Binna Burra unveils new Bushwalker’s Precinct

WORDS: Leighton Pitcher PHOTOGRAPHY Supplied - Binna Burra Lodge

Binna Burra’s new Bushwalker’s Precinct is more than a great way to spend the day – it’s a celebration of the history and culture of bushwalking.

THE new Bushwalker’s Precinct at Binna Burra is a celebration of one of the most popular recreational pastimes in Australia.

The precinct includes the refurbished Bushwalker’s Bar, Bushwalker’s Bunkhouse, Heritage Reading Room and the Australian Bushwalking Chronology, from 1888 to 2021.

“We want to celebrate the history and culture of bushwalking right across Australia,”  Binna Burra Lodge chair and National Parks Association of Queensland councillor Steve Noakes says. “Formation of both the National Parks Association and Binna Burra Lodge had its roots with bushwalking into the National Parks and other protected areas of Queensland.’

Bushwalking Queensland describes bushwalking as an Australian term for recreational walking in bushland or other natural areas. It is usually done within National Parks or other protected areas, either on designated tracks or completely off track. Alternative terminology for bushwalking includes hiking, tramping, hill walking, rambling and trekking.

The State organisation for organised bushwalking advises that bushwalking should not be undertaken without some forethought. “It is essential that bushwalkers properly prepare themselves with suitable clothing, equipment, food and water to ensure a safe and enjoyable bushwalk,” it advises.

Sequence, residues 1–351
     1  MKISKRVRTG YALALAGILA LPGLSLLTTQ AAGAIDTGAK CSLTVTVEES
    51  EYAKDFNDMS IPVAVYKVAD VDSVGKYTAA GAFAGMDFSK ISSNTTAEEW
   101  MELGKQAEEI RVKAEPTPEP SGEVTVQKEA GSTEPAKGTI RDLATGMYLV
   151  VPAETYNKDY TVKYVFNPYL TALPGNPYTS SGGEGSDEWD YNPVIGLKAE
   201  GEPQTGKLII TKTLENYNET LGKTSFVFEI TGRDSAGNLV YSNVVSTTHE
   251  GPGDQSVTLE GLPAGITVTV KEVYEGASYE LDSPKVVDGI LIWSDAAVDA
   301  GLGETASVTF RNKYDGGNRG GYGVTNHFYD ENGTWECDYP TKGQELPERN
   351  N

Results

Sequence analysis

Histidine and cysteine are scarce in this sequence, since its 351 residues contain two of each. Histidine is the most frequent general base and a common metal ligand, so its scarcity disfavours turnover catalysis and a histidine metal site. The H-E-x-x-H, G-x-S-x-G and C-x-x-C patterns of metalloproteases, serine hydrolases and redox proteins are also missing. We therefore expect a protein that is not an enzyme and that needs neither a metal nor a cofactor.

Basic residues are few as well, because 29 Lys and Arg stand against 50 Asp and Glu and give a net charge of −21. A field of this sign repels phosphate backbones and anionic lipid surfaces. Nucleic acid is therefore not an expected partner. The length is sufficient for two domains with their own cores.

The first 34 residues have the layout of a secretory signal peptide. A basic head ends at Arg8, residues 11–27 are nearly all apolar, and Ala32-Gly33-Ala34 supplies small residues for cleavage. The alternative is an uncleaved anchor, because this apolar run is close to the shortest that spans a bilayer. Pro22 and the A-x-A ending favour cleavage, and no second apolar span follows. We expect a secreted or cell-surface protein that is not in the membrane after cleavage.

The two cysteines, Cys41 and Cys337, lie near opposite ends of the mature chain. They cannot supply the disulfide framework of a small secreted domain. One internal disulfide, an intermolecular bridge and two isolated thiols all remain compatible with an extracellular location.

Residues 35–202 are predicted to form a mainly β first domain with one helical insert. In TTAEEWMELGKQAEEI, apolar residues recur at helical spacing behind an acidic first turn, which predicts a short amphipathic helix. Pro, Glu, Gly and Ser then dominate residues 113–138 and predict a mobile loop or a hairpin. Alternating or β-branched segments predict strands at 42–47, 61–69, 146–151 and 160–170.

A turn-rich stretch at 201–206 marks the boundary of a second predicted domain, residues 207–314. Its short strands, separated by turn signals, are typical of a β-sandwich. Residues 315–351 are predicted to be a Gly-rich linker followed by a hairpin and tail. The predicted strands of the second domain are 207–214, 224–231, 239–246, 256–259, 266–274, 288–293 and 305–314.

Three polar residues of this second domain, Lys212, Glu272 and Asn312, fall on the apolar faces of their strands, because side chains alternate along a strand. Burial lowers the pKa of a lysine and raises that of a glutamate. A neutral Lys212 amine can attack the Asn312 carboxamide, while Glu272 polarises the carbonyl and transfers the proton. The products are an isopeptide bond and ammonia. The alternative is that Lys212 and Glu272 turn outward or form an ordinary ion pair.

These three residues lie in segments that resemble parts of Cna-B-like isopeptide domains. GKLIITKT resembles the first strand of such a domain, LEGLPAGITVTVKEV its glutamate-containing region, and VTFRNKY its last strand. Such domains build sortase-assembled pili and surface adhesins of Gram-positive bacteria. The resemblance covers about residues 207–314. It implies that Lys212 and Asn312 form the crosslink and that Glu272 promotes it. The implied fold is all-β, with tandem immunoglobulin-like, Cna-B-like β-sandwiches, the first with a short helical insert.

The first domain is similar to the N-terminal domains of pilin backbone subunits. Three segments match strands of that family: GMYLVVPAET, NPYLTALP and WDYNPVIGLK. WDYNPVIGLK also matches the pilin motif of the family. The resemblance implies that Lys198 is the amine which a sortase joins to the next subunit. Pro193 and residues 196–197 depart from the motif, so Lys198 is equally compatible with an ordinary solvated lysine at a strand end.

Dr Melissa Harper, an Honorary Research Fellow at the School of Communication and Arts at the University of Queensland, has written what has been described by Patti Miller as a ‘sure-footed and witty’ book titled The Ways of the Bushwalker. On foot in Australia (2020). The book, on sale at the Binna Burra Tea House, is an absorbing exploration of the story of bushwalking in Australia.

“It’s a well-researched history, not just of walking, but of our changing relationship to the natural environment, of coming to know its unique beauty and its power to both inspire and restore the body and spirit. A compelling read for anyone who loves the Australian bush,” Dr Harper says.

Now more than ever, bushwalking is good for the soul. It impacts people in many different ways. After the 2019 bushfires that devastated Binna Burra Lodge, Mary-Rose MacColl’s ‘Obituary for Binna Burra’ published in the Guardian recalled: “I do not come from a hiking family – we never once visited a national park – but that first experience began for me a lifelong love affair with this national park in particular and national parks more generally. And what a gift it has been. Like a mother, the rainforest at Binna Burra takes you in its arms. In one way or another, I have been in those arms ever since.”

The new Bushwalker’s Precinct at Binna Burra also features a large wall map highlighting all the trails and key points of interest to be discovered on the Binna Burra side of Lamington National Park. The Bushwalker’s Bunkhouse accommodation is the perfect option for rest and recuperation before or after a hike through Lamington National Park.

The Bunkhouse accommodation includes USB charging ports, air-tight storage containers, vinyl floors, large opening slat windows, nearby access to bathroom facilities and shared fire pits and linen hire or BYO linen.

Visit www.binnaburralodge.com.au/book-online to book.